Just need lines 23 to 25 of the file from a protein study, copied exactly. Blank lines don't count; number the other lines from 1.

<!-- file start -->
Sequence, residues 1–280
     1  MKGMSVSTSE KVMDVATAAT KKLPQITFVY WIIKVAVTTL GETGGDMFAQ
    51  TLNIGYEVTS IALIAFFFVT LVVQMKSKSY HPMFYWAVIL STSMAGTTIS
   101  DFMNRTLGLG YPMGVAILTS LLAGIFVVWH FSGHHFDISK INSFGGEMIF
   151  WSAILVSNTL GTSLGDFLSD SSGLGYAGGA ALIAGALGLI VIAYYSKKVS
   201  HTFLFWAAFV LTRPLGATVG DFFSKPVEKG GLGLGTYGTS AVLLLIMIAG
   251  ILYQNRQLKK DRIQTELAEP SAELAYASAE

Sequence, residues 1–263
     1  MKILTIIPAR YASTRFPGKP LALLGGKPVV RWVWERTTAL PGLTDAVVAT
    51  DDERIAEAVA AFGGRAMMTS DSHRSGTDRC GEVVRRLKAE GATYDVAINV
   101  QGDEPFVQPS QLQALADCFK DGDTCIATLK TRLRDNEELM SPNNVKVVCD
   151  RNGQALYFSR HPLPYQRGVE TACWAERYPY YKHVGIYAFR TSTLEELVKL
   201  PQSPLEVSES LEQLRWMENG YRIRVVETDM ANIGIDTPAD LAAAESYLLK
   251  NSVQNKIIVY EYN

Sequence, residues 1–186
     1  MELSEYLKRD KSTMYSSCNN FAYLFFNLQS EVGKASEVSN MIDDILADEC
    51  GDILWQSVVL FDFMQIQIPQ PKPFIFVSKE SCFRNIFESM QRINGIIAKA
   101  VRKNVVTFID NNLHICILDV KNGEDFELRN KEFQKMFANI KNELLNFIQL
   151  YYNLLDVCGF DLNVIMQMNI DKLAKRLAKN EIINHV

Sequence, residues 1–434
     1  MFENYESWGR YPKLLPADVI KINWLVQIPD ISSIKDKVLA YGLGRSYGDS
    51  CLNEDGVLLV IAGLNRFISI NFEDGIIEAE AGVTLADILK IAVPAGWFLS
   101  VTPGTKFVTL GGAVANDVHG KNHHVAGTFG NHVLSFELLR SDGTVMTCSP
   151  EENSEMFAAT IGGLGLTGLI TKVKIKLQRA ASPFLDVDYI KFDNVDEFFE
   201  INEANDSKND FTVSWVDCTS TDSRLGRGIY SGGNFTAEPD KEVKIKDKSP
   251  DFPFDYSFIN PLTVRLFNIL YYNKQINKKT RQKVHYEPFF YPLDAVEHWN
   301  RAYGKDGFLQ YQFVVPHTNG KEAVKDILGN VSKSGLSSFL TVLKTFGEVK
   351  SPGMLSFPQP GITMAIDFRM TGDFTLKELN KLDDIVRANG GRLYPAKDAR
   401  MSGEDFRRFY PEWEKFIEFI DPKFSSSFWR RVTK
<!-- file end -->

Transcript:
   101  VTPGTKFVTL GGAVANDVHG KNHHVAGTFG NHVLSFELLR SDGTVMTCSP
   151  EENSEMFAAT IGGLGLTGLI TKVKIKLQRA ASPFLDVDYI KFDNVDEFFE
   201  INEANDSKND FTVSWVDCTS TDSRLGRGIY SGGNFTAEPD KEVKIKDKSP